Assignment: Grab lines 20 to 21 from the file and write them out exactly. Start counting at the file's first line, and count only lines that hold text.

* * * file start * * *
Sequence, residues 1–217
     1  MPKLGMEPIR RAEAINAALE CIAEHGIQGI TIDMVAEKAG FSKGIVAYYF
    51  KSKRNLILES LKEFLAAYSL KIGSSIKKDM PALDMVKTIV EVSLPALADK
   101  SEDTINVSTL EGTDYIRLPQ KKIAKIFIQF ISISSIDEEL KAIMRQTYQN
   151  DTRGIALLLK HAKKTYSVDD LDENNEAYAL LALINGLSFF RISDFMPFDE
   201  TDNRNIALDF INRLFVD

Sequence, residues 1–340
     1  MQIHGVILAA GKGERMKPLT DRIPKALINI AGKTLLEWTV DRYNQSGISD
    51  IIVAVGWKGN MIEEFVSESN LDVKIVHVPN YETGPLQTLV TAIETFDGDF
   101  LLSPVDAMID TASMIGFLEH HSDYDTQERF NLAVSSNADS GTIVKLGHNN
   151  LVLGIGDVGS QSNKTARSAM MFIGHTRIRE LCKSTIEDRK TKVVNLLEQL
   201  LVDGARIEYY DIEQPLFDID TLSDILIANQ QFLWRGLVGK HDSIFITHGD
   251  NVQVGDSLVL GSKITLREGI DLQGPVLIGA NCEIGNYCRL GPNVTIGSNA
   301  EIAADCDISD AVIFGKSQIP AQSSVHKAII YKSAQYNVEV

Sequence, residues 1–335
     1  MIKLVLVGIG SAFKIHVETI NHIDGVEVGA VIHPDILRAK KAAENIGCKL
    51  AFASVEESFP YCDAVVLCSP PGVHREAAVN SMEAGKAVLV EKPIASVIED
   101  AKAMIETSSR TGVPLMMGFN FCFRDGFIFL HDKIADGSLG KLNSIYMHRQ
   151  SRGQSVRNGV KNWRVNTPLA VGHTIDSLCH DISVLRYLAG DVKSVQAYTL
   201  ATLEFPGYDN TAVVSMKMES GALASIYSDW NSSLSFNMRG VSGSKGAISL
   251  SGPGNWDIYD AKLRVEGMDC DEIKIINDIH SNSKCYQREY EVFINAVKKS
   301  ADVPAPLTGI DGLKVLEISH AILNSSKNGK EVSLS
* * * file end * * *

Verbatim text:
   201  ATLEFPGYDN TAVVSMKMES GALASIYSDW NSSLSFNMRG VSGSKGAISL
   251  SGPGNWDIYD AKLRVEGMDC DEIKIINDIH SNSKCYQREY EVFINAVKKS